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Israel's assassins ignore world backlash By Ross Dunn, Herald Correspondent in Jerusalem
Israel is determined to continue assassinating Palestinian militant leaders, calling them the "snake heads of terrorism", ignoring international criticism of the strategy and the danger of revenge attacks.
The policy has been strongly criticised by the United States, Britain and Russia.
A US State Department spokesman said such killings were "reprehensible and could not be justified".
The Israeli strategy was demonstrated to deadly effect on Tuesday with the killing of eight Palestinians in the West Bank city of Nablus, including two leaders of Hamas, the Islamic resistance movement.
More than 100,000 angry Palestinians marched through Nablus yesterdayfor the funerals of the eight, including two children who were the unintended victims of the helicopter strike.
Firing guns into the air and shouting for a holy war against Israel, the crowd marched behind the bodies, which were draped in Palestinian flags.
The passionate speeches, and an explosion that ripped through a parking lot outside a luxurious Jerusalem hotel, reinforced growing fears that Israel might reap a violent response from its offensive against the militants.
Nobody was hurt in the blast, but it was thought to be the first of a wave of bombings planned by Palestinian groups.
A Hamas spokesman in Gaza, Mr Abdel Aziz Rantissi, said its military wing had been told to unleash assassins against Israeli political leaders.
But the Israeli Defence Minister, Mr Binyamin Ben-Eliezer, said the Nablus attack had been a devastating blow to Hamas that had weakened its ability to launch attacks.
He claimed that the Hamas headquarters in Nablus hit by the strike had been the operations base for terror attacks.
The killing of Mr Jamal Mansour, effectively the Hamas deputy leader, and his aide Mr Jamil Salim had destroyed the leadership that had been blamed for the killing of 37 Israelis in 10 suicide bombings, including one outside a Tel Aviv disco.
"We are talking about headquarters from which many dozens of terror attacks were launched," Mr Ben-Eliezer said.
Israel has long been criticised for targeting Palestinians suspected of being behind attacks but the Nablus operation went further.
"This wasn't just another assassination," a senior Israeli Army officer told the Hebrew daily Ha'aret. "And Jamal Mansour was not just another wanted man. He was more senior than all the other activists killed until now.
"This was perhaps the harshest strike since the beginning of the intifada [the Palestinian uprising that began last September]."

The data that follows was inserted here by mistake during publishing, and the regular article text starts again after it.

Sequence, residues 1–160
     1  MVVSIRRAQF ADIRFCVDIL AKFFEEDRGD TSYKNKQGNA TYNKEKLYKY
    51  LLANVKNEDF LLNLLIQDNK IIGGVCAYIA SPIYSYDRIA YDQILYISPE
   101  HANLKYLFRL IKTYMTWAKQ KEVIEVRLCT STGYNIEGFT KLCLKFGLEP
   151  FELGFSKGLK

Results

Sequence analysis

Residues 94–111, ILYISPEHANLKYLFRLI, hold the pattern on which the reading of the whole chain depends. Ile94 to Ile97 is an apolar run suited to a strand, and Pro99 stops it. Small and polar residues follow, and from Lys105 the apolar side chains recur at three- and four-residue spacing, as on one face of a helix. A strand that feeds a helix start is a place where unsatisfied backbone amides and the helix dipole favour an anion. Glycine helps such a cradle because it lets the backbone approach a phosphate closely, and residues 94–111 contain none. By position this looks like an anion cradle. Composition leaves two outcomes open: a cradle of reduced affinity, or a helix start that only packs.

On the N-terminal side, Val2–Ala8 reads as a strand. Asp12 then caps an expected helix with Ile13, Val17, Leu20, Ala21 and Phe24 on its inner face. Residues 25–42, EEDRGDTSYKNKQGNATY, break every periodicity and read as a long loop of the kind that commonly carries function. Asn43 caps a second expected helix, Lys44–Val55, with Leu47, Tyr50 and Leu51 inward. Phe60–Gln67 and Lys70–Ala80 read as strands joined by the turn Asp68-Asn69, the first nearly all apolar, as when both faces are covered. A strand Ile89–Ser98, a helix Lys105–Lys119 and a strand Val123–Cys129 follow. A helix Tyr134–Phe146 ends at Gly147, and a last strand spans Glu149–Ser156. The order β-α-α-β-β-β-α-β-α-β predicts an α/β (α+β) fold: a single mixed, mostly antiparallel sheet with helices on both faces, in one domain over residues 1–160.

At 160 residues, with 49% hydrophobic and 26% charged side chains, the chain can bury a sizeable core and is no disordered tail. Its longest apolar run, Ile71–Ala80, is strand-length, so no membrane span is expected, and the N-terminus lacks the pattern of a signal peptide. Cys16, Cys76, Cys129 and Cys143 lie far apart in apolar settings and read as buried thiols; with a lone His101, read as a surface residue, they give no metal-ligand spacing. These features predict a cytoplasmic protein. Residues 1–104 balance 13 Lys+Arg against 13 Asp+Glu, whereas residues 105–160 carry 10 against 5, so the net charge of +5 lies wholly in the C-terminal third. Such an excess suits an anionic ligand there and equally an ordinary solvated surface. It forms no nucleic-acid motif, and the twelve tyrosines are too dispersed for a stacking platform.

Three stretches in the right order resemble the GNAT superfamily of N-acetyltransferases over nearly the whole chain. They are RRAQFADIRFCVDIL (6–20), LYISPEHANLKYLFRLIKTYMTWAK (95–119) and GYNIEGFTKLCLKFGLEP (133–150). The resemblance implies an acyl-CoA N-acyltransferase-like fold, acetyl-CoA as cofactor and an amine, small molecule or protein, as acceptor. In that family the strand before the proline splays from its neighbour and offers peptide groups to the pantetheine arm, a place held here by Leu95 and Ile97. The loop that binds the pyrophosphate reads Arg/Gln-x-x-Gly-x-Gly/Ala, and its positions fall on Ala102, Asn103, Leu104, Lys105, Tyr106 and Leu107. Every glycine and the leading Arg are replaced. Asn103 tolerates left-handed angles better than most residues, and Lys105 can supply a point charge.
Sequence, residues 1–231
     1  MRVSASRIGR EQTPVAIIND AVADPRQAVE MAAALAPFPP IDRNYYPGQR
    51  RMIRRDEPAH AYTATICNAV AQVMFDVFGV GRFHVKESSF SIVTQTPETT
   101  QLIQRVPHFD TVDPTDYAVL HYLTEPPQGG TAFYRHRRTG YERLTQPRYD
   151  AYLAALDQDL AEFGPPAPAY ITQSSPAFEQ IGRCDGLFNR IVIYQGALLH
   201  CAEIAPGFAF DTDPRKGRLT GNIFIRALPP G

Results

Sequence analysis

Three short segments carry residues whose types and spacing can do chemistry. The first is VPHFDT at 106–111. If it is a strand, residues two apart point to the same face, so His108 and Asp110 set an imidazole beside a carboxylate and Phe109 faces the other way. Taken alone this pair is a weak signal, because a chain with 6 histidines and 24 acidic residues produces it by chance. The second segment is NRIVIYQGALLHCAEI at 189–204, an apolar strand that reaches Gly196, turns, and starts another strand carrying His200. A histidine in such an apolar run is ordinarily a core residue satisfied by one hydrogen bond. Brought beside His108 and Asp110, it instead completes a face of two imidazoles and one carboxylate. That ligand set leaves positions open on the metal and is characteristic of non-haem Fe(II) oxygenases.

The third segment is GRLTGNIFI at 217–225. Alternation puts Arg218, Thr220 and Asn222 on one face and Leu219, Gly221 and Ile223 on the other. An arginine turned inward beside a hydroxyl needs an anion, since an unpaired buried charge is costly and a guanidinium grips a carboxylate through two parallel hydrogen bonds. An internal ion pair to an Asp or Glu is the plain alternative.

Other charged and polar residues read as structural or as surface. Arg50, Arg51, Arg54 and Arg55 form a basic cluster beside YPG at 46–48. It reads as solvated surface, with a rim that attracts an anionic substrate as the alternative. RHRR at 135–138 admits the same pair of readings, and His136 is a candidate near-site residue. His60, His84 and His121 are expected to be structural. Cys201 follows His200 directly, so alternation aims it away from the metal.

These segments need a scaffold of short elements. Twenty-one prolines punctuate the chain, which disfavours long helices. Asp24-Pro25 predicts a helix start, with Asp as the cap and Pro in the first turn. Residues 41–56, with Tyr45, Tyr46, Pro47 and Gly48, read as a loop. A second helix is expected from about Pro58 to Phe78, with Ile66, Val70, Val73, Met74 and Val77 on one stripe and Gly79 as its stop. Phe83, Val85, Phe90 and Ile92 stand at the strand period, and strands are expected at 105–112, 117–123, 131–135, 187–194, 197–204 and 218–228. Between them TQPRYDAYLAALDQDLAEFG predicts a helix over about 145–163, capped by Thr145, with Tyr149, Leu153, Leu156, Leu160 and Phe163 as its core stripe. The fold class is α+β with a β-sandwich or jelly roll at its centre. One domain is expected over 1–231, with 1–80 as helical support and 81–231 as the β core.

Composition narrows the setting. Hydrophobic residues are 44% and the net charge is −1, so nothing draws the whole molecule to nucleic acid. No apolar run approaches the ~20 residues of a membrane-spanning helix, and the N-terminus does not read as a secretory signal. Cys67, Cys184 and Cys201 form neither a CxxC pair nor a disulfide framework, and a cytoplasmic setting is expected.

The Nablus attack was approved after a number of unsuccessful Palestinian bombings prompted the Israeli military to believe that a terrorist campaign was under way, with Jerusalem as its main target.
Tel Aviv's assassination policy has also sparked a witch hunt among Palestinians for local informers who may have helped the Israelis.
The Palestinian Authority acted swiftly in a bid to contain rage and suspicion.
In a strong warning to other collaborators, three Palestinian men were sentenced to death for their part in the assassination of Mr Thabet Thabet in Tulkarem, also in the West Bank. A fourth was sentenced to 15 years in jail.
Mr Thabet was a leader of the Fatah faction of the Palestine Liberation Organisation controlled by the Palestinian leader, Mr Yasser Arafat.
The verdict was greeted with wild applause by the crowd in the Palestinian security courtroom. The trial had been speeded up because of Israel's attack in Nablus.
"We were obliged to make it because of what happened here with the Israeli raid," said the Palestinian Governor of Nablus, Mr Mahmoud Aloul.
"The harsh sentences will surely deter other collaborators from co-operating with Israeli intelligence services."
Mr Arafat must still ratify the death sentences and although he has approved capital punishment in the past, he has blocked some executions in the face of international criticism.
-- Martin Thompson (email@example.com), August 02, 2001
Well Mr. Dunn, what would you suggest if this were occuring in your backyard,especially after you made a similar offer under Barak? Would you respond in kind car bomb for car bomb thereby killing innocent people, go after the perpetrators, or invade Palestine to drive out the PA? They ought to try what the British did to quell terrorism prior to 1948, wrap the terrorists remains in pigskin, thereby precluding them, according to what I hear, from entering their alleged heaven.
-- Steve McClendon (firstname.lastname@example.org), August 02, 2001.